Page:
Michael Locksley said two months ago he felt Maryland football was ready to compete for Big Ten championships.
The Terps were on track to justify that belief, entering October a perfect 5-0 with a pair of Big Ten wins secured. Then came a blown 10-point lead in a 20-point loss to No. 3 Ohio State, followed by a home defeat to Illinois, which was previously winless in conference.
That sent Maryland into its bye week 5-2 and offered a much-needed reset before a trip to Evanston on Saturday, but its nosedive continued in a 33-27 loss, the Terps’ third consecutive defeat after a promising start to the season.
“They outplayed us, they out-hustled us, they out-hit us,” Locksley said. “When that happens, you’ve got to look at everything, including myself.”
The Terps are now 5-3 with four games left in the regular season. They will face two top-10 teams in Michigan and Penn State then surging Nebraska and Rutgers squads, which have both won three of their last four games.
Locksley believed his group could challenge for a conference championship. There’s now a chance Maryland doesn’t even reach six wins to clinch a bowl game.
“The only thing we can do is to get back on track,” Locksley said. “It starts with me.”
The loss to Northwestern came in a familiar spot — The Terps are now 0-4 in games immediately after bye weeks since Locksley became the head coach in 2019.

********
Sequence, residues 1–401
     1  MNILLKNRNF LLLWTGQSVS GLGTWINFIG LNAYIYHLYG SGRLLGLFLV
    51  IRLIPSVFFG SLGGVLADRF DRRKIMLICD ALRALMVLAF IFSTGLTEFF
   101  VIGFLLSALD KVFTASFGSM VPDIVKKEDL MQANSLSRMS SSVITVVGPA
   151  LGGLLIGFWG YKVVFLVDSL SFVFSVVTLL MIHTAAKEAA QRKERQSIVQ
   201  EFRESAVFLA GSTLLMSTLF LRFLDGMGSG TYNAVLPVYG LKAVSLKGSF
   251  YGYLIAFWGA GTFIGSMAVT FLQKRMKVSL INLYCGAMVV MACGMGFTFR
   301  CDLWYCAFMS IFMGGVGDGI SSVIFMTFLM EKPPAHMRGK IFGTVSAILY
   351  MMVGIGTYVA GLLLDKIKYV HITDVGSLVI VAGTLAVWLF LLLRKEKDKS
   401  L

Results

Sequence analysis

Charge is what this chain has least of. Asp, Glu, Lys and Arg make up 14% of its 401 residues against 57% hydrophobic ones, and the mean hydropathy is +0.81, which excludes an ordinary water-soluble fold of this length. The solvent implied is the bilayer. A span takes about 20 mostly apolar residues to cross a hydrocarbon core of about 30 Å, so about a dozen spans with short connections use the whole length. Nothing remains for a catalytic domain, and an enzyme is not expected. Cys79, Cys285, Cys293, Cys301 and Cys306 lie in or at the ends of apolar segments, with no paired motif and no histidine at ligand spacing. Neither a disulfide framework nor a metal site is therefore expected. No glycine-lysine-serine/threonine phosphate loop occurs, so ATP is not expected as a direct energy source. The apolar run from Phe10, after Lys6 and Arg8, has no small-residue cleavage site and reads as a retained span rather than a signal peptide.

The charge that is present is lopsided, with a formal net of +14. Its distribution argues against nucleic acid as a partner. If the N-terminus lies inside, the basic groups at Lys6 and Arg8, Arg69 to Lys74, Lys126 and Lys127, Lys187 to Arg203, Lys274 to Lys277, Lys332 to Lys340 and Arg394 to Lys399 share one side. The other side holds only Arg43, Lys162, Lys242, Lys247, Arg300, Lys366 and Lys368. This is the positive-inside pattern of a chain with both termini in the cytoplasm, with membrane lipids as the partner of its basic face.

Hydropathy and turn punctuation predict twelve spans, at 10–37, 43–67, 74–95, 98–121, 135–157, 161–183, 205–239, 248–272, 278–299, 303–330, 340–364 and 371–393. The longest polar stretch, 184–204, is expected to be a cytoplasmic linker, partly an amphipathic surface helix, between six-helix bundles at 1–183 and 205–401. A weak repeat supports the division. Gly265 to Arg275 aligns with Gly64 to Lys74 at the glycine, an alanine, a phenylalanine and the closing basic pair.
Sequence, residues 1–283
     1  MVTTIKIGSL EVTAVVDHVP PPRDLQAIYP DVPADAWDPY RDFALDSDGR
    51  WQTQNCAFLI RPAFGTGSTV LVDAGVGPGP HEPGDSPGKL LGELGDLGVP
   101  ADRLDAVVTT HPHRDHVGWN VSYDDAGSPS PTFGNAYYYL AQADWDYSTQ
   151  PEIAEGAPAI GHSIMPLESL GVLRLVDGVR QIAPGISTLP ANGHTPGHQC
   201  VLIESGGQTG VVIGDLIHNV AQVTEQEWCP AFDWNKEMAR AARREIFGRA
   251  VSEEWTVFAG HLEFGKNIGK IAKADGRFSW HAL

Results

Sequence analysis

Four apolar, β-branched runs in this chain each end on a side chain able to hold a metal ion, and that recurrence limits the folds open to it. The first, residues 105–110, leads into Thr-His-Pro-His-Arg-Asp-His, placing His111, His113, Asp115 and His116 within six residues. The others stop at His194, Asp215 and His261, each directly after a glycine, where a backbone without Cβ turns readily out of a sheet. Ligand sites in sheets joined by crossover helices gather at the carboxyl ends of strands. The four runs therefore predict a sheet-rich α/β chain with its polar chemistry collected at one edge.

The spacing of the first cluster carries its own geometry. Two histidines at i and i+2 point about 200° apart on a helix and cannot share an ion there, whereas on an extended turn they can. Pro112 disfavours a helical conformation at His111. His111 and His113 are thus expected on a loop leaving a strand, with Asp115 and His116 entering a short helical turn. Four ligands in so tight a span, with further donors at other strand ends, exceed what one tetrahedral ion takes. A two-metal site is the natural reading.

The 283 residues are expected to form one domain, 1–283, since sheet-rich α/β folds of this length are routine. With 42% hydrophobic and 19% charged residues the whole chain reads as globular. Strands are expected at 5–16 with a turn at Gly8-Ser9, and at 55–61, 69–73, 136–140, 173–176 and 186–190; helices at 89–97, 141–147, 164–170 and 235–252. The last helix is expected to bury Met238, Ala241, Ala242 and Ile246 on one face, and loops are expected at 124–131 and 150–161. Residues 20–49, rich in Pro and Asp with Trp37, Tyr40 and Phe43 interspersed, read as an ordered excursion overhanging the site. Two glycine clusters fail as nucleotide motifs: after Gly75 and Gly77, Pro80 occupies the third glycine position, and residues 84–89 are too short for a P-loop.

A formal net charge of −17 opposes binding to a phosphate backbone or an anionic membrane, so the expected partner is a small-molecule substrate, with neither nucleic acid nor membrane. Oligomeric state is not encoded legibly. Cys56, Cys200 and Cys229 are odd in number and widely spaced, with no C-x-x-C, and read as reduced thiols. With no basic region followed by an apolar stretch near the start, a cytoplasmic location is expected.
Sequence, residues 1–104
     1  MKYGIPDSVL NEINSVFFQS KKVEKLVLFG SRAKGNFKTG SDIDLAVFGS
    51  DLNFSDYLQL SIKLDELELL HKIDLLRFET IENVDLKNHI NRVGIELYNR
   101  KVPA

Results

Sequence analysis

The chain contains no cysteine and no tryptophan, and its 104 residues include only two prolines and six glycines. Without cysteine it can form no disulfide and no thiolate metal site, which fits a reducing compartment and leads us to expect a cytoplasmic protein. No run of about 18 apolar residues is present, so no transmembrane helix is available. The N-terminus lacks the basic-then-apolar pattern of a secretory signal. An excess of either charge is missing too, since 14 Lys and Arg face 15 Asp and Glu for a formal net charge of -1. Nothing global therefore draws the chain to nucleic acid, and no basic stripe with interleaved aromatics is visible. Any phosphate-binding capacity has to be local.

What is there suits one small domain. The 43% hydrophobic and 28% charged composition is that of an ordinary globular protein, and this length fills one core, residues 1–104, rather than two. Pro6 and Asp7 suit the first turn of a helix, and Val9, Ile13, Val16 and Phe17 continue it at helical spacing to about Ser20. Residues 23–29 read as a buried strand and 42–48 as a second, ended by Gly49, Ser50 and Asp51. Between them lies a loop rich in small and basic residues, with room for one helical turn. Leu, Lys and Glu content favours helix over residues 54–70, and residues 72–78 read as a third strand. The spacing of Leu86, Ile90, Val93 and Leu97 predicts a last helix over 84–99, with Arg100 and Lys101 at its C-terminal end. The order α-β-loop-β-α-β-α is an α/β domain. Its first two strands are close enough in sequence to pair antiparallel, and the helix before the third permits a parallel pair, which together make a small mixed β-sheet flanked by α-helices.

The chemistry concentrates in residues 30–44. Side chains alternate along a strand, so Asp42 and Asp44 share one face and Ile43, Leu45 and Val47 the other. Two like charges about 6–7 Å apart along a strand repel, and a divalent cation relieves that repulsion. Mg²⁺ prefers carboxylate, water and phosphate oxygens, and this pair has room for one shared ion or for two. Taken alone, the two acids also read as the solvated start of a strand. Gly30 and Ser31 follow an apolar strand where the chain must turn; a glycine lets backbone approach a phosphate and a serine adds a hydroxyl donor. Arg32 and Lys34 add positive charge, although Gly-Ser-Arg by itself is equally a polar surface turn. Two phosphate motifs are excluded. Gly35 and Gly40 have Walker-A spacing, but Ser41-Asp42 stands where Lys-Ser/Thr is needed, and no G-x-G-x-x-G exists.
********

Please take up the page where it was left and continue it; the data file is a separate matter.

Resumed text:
“The past doesn’t define our present,” Locksley said Tuesday. But the present turned out to be the same as the past. Self-inflicted mistakes that popped up in frustrating losses in previous seasons appeared again Saturday.
Taulia Tagovailoa fumbled the first play of Maryland’s second drive of the day, and the Wildcats took advantage of the short field with a touchdown three plays later. The Terps failed to gain a yard on three straight plays from Northwestern’s 1-yard line to waste an 11-play drive in the second quarter.
Tagovailoa’s game-sealing interception came on an overthrown ball that sailed past a slipping Corey Dyches. Maryland was penalized for unsportsmanlike conduct twice, kick-catch interference and unnecessary roughness — the roughness provided Northwestern a free 15 yards on a touchdown drive that gave the Wildcats a lead they didn’t relinquish.
“This loss is self-inflicted, we did this to ourselves,” Ruben Hyppolite II said. “… We’ve got to get back to playing to our standard. We’ve got to get back to just wanting to win. It’s as simple as that.”
Locksley’s tenure with the Terps has been filled with miserable stretches like this. A seven-game losing streak to end 2019, a pair of three-game losing skids in 2021 and a combined 1-10 record versus Penn State, Michigan and Ohio State have prevented Maryland from competing with the conference’s elite.
But the Locksley era has also had its share of ups: back-to-back bowl wins — the program’s first since 2010 — and its first winning season since 2014.
Maryland’s winning percentage has grown each year since Locksley took over, but his overall record is still a measly 25-26. He’s 12-25 in the Big Ten.
The next step for the coach was to build off last year’s eight-win campaign and be in contention at the top of the conference. Maryland has instead endured a three-game losing streak in the middle of the season, with the most recent defeat coming against the team picked to finish last in the Big Ten West.
This year can still be a success for the Terps, who have a schedule with daunting opponents that also represent chances to erase some concerns, but Saturday’s loss heightens the difficulty of achieving that.
“I have to evaluate what I’m doing to make sure we’re prepared to play well,” Locksley said.